• Planning is geographically dispersed / decentralized.
    • ACME’s responses indicate that they are in the lower half of the maturity spectrum.
    The current survey in which ACME (and other organizations) have participated is more expansive than the original survey; the range of practices has been expanded beyond the confines of portfolio management into broader aspects of delivery. The results from both studies are consistent in the correlation of maturity and effectiveness - those companies that demonstrate more mature practices observe better outcomes. Source: PA Portfolio Delivery Effectiveness Survey, 2009 ACME
  • 6. ACME overall delivery effectiveness appears to offer scope for improvement around some key outcomes… Source: PA Portfolio Delivery Effectiveness Survey, 2009 The implications of shortcomings in other areas are potentially significant Portfolio balance appears to be in good order and is the best rated outcome today. Opportunities for improvement exist in all other areas. Portfolio outcomes Project outcomes Resourcing outcomes Sequential development, siloed working, protract and sub-optimize delivery, and impede multi-disciplinary efforts. Process – achieving efficiency/effectiveness in delivery Stakeholders have low expectations of delivery. Little or no delivery metrics captured or available. Stakeholder satisfaction – how well your delivery is perceived Accountability for delivery is unclear. It’s accepted that projects frequently run late or deliver short of original intentions. Accountability – taking ownership of delivery There is a tendency to start everything, but not deliver it all. Delivery reliability – what you achieve It is not clear how many projects are on the go, how they are tracking or what effort they absorb. Ability to adjust to changing priorities is limited. Portfolio adaptability – tracking and adapting the portfolio to current needs It is difficult to balance resources between business-as-usual and project work; resources are frequently overcommitted and often unilaterally redeployed. Allocation – matching demand and supply Business cases are unreliable, with poor estimating of project and business-as-usual demand, and little understanding of expected benefits. Demand estimating – understanding what you need Capability and capacity to deliver projects and business-as-usual is not well understood. Operational issues frequently disrupt change activities. Supply capacity – understanding what resources you have There is perpetually a shortage of skilled people; significant recourse to contract staff for operational and change activities. Utilization – understanding what you use Implications Dimension
  • 7. The most successful organizations demonstrate maturity across all key areas of practice
    • In comparing the performance of the most and least developed (mature) practitioners in the original survey, the best performers rated themselves consistently across the range of practices; in other words, they did everything reasonably well.
    • In contrast, the least mature rated themselves poorly in a number of fundamental areas. This indicates a number of significant discontinuities in what is essentially an end-to-end process – or perhaps a highly integrated meta-process – but which is not treated as such. Hence, overall effectiveness is vulnerable to the weakest link in the chain.
    • This is illustrated in the diagram.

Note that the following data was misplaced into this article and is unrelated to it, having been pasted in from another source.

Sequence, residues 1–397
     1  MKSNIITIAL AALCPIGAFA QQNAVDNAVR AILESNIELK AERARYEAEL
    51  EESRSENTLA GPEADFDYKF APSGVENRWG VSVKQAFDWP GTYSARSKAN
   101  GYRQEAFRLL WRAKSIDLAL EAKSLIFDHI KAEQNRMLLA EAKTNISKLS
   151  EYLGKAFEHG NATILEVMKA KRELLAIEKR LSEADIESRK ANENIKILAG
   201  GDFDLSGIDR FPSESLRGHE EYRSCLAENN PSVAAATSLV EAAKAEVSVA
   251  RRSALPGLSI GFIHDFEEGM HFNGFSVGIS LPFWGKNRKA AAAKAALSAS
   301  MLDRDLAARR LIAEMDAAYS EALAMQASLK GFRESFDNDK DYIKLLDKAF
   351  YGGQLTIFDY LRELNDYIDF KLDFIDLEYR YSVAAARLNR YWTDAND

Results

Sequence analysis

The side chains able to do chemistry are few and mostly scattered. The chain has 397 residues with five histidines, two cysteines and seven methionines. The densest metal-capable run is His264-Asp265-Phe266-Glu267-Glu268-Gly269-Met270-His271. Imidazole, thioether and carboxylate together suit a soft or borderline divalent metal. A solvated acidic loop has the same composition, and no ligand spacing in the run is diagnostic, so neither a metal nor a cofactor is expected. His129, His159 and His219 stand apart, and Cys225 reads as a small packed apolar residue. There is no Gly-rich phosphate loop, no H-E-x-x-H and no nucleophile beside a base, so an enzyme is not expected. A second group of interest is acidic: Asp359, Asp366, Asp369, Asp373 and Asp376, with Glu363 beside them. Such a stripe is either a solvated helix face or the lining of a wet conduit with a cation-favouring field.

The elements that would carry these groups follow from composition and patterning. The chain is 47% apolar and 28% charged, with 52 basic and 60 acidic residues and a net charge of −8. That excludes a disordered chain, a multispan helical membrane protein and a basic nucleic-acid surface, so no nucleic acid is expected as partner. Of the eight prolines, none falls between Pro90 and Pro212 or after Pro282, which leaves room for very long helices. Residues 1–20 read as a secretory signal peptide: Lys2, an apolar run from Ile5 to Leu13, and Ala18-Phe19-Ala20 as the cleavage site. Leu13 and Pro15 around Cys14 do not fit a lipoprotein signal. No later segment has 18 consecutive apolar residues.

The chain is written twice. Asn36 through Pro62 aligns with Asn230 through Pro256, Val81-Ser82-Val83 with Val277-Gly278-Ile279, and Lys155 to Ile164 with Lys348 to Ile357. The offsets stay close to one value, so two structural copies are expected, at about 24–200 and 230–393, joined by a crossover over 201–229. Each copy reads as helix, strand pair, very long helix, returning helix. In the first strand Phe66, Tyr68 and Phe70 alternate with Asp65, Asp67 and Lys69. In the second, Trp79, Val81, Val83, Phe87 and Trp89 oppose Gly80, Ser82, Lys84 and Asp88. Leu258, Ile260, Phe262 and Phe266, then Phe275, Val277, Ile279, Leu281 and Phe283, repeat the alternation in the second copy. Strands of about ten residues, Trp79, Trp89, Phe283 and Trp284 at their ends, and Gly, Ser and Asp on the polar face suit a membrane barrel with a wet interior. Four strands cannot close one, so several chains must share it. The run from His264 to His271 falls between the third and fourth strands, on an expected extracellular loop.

• The ‘most developed’ firms exhibited capability in all dimensions and were most differentiated by the:
      • Strength of linkages between projects and strategies (portfolio management)
      • Quality of their business cases (the front end of project management)
      • Proactive considerations of project constraints (resource and workforce management).
    • Some features initially thought to be essential appear less so:
      • Use of support systems (tools) to facilitate the process was found to be necessary, but not sufficient to improve effectiveness at most levels of maturity
      • Similarly, the presence of project management standards does not directly correlate with delivery effectiveness
      • The formality of the process and the prioritization technique applied were not found to significantly impact the effectiveness of project delivery.
    • At face value, some of these seem to be contradictory findings. However, at early stages of the maturity curve, technology may be largely irrelevant – more important are defining the strategies to guide project identification and the quality of project definition. At the mid point of the maturity curve where standardization and consistency is required, often technology takes the place of solid governance and often distracts the focus of work towards checklist completion, rather than excellent delivery. At the mature end of the curve, technology is a critical enabler for larger scale, complex environments (ie with multiple projects, or distributed teams and geographic dispersion of activities).
    • The issue of project management standards is interesting in that, while it is not possible to have highly effective processes without such standards, having them is no guarantee of delivery effectiveness. More important are the values, attitudes and behaviours of those responsible for delivery.
    Source: PA Portfolio Management Survey Strongly agree Ambivalent Strongly disagree Business objectives clear Strong links between objectives and selection Quality business cases Objective and credible selection process Scenarios rapidly evaluated Consider all significant constraints Flexible approach resilient to change Business impact of portfolio understood Efficient in use of management time Most effective Least effective
  • 8. ACME’s practice maturity assessment suggests a framework for prioritization
    • As overall effectiveness is vulnerable to discontinuities in the delivery chain, the first priority must be to improve those areas that impede delivery.
    • ACME’s results suggest that, from a practice maturity perspective, priority should be given to aspects of workforce and resource management – these are the areas of greatest “internal” discontinuity, and also represent the most significant variances with higher performing organizations.